Critical Variables in Moral Discernment
I promised an April series on the morality of abolishing the death penalty. I intend to follow through with that promise. But I have noticed in comments from our various discussions a need to discuss more the way in which people make moral judgments or come to moral convictions. Below you will see what I can reproduce of a chart first created by my teacher, Glen H. Stassen. The full chart should have arrows from each box toward every other box (because every dimension influences the others), an arro w from the whole chart sticking out to the right showing the particular moral decision or conviction or conclusion, and a “feedback loop” of an arrow from that particular outcome back into the whole process, again. I will discuss each element of each dimension in a series of posts.
Perception: Way of Seeing
Authority: Locus, Degree
Threat: Nature, Degree
Social Change: Acceptable or not; speed; acceptable allies; method(s)
Integrity of Information: Open or not; manipulative or not
Style of Reasoning
Utilitarian or Deontological
Virtues, Practices, Rules
Loyalties, Interests, Passions
Friends, Mentors, Models
God and Human Nature
Justification & Sanctification
(Forgiveness & Discipleship)
Love and Justice
Mission of the Church in the World
Now, each of the four large boxes are key dimensions in the formation of moral character and the making of moral judgements. The top left box relates to moral perception: the elements in that box are the critical variables that shape how we perceive the moral world. The top right box relates to the mode or style of moral reasoning. In many ethics textbooks or discussions, this is the only dimension covered. But humans are more than cold intellects and more goes into our moral character and judgments than just our style of reasoning.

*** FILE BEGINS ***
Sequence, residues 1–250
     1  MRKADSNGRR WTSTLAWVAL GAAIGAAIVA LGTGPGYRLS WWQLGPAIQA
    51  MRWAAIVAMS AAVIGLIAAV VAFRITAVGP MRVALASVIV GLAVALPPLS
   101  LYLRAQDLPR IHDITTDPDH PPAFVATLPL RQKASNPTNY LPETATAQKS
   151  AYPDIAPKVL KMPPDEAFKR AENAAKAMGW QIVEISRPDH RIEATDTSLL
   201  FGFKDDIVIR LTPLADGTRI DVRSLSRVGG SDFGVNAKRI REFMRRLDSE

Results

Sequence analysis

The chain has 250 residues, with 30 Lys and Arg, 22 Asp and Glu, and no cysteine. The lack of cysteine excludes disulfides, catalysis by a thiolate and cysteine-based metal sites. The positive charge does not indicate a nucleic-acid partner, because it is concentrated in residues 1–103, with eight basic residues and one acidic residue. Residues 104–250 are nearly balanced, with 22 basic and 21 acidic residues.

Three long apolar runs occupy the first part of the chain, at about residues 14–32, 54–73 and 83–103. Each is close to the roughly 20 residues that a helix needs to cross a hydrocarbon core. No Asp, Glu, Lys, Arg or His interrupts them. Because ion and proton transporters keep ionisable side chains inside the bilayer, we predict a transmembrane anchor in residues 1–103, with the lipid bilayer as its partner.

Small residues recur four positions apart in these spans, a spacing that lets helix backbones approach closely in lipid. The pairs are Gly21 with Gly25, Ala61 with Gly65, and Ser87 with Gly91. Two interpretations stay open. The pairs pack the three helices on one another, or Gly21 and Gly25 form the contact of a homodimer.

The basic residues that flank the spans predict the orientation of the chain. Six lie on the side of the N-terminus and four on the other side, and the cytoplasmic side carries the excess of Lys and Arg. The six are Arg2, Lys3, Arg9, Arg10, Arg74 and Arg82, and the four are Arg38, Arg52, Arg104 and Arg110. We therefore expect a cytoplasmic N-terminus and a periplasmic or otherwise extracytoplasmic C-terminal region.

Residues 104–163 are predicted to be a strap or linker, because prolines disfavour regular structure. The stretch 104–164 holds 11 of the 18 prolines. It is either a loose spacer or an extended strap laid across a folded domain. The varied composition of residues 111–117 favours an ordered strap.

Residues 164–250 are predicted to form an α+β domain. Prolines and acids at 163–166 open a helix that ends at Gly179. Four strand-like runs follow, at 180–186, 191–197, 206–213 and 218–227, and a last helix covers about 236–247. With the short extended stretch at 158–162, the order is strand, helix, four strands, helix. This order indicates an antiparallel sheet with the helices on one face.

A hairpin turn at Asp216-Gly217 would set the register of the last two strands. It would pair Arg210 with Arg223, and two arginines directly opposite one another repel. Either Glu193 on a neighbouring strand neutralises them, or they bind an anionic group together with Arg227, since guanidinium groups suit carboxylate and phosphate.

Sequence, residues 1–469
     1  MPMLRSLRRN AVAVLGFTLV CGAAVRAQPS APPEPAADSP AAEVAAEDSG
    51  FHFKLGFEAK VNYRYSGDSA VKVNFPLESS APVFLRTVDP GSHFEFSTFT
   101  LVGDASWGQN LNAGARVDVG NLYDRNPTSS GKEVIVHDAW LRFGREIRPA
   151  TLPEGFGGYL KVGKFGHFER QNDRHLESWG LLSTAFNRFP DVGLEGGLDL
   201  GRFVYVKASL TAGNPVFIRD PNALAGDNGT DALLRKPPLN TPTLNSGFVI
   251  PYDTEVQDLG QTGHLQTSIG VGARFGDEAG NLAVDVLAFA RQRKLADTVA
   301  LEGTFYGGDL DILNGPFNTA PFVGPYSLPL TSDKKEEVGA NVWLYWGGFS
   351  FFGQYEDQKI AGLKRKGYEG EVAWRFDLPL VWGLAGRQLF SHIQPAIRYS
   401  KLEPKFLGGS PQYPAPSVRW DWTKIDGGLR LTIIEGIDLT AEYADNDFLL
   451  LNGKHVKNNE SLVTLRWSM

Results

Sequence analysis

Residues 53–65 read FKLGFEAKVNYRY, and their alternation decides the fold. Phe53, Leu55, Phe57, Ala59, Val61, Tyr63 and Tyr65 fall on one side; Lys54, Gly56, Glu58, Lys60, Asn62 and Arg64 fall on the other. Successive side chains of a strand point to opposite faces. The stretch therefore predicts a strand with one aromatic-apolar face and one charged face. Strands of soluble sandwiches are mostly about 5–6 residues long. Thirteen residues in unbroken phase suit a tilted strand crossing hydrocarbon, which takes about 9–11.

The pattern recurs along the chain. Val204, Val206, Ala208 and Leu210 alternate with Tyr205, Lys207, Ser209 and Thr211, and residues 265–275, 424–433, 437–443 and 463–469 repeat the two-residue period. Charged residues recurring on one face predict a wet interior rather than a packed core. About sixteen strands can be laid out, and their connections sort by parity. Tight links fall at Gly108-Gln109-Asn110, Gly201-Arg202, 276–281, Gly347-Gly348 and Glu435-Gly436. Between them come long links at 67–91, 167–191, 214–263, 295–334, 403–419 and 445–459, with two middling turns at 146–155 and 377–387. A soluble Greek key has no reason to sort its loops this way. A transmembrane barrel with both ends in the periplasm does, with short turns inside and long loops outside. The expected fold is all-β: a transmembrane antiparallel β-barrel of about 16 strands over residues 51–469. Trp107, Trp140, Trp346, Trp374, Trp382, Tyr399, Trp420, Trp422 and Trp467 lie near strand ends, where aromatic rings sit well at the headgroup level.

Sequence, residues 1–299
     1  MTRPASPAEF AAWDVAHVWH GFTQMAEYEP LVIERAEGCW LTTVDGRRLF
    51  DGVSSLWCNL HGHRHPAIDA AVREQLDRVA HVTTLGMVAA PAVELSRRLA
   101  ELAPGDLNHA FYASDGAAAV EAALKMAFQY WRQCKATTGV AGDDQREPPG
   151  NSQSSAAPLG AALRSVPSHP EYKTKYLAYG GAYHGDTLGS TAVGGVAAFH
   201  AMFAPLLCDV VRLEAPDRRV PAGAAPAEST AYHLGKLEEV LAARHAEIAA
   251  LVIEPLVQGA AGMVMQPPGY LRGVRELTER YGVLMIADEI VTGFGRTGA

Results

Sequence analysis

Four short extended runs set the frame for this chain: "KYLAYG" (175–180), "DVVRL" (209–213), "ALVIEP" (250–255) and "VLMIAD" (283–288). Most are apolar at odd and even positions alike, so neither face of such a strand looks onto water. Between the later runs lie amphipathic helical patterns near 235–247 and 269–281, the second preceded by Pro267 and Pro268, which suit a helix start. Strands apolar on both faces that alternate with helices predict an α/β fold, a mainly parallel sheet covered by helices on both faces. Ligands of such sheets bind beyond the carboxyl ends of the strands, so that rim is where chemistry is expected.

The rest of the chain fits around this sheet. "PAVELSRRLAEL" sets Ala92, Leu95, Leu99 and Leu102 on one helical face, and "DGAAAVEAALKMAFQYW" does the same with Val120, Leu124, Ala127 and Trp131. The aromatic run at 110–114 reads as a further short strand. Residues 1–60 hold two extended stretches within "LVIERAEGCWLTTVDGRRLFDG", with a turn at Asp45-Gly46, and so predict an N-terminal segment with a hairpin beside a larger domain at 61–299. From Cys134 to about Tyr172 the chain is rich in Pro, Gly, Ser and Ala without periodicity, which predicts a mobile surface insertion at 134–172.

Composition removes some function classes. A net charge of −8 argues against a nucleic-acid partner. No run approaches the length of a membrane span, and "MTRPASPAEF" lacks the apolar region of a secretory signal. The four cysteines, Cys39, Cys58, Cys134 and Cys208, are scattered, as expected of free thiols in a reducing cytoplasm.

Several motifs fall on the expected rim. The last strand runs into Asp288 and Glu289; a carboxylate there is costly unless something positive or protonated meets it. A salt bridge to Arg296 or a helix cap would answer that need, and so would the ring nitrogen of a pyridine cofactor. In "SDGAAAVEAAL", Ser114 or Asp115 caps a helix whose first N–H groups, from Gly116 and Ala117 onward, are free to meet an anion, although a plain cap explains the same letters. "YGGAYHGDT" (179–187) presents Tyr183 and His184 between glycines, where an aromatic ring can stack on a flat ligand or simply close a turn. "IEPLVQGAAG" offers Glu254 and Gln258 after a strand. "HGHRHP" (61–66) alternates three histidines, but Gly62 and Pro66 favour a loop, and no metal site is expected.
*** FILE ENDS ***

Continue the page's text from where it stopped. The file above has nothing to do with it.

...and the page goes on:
The bottom left box details our loyalties, interests, and passions. These affect our moral character and judgment far more than most of us believe. Take, as an example, the debate over abortion. People do not just follow logical reasoning processes. One has a commitment to a child with severe handicaps and sees any abortion based on fetal defects detected prenatally as an attack on the worth of that child (and on their care and loyalty). Another has a sister who was raped and chose a “morning after” emergency contraception and reacts to any bill that would make abortions harder for rape or incest victims as an attack on his sister’s mental, physical, and spiritual health. (One reason I have had a harder time with the issue of abortion than other issuess is that I have complex loyalties on both “sides” of the debate.) Notice that this is not mechanical: Not everyone loyal to a rape victim or a child with physical handicaps automatically comes out in the same place on abortion, for instance. But to deny that these loyalties, interests, and passions influence our moral judgments is to deny reality.